Pakistan has summoned a top Indian diplomat over the alleged shooting of a UN vehicle by Indian armed forces in the disputed region of Kashmir.
The Pakistani government has called on the Indian chargé d’affaires to explain the “deliberate targeting” of a UN vehicle in Kashmir, according to an announcement published by Pakistan’s Foreign Ministry on Saturday.
Previously, the Pakistani authorities accused India of shooting at a vehicle which was carrying two UN observers. The observers were traveling through the Pakistani-controlled part of Kashmir to meet with the victims of a prior Indian violation of the cease-fire agreement.
The two UN employees were rescued by the Pakistani army and escaped the incident unscathed, according to the dpa news agency.
‘Flagrant violation’ of international diplomacy
Saturday’s statement called the attack “unambiguously premeditated” due to the distinctive markings of the UN vehicle.
“It was communicated to the Indian side that the brazen act was a flagrant violation of established international norms and represented a complete disregard for principles enshrined in the United Nations Charter,” the official statement read.
The Twitter account for the spokesperson of Pakistan’s armed forces published a tweet showing the damage done to the UN vehicles.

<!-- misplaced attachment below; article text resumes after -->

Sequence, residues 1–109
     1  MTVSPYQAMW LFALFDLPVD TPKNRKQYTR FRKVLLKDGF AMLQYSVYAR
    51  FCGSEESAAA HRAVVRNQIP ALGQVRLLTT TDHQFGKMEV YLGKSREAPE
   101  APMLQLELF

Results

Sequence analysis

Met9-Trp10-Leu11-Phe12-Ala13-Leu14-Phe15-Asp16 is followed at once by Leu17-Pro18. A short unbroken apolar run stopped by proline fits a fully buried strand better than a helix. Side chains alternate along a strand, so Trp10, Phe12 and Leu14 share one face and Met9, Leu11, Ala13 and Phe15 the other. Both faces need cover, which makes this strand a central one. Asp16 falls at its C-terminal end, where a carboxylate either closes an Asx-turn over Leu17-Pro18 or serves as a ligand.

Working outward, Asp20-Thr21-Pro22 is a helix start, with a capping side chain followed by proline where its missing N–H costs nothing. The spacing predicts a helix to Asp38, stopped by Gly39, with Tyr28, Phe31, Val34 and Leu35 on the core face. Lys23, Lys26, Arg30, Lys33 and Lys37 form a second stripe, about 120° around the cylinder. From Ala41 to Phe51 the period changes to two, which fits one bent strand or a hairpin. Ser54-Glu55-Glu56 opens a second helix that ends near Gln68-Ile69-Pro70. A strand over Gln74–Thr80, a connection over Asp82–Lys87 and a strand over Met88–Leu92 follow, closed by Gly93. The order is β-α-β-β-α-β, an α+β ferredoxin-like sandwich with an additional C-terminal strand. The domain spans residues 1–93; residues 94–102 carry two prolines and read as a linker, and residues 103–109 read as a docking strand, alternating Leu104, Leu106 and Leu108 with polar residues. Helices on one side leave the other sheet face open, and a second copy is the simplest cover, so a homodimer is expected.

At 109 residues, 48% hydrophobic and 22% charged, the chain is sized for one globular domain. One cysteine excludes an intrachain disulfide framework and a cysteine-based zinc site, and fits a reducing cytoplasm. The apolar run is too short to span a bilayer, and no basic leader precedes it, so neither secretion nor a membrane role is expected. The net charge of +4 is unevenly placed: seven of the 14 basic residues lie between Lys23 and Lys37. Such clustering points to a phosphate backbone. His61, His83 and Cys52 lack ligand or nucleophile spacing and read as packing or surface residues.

The tweet accused the Indian Army of carrying out “unprovoked fire” in the Chirikot sector of the “Line of Control” (LoC) — a de facto border between the two countries which divides up the region of Kashmir.
“Indian troops deliberately targeted a United Nations vehicle with 2 Military Observers on board,” the spokesperson added.
Disputed territory behind the tension
Tensions have increased between the two nuclear-armed neighbors in the wake of India’s decision to repeal the autonomous status of the part of Kashmir which it control in August 2019.
“This year alone, India has committed 2,992 cease-fire violations to date, resulting in 27 deaths and serious injuries to 249 innocent civilians, including 92 women and 68 children,” the Pakistani Foreign Office told press on Friday.
Islamabad and New Delhi have already fought two wars over Kashmir, and both claim ownership over the disputed region.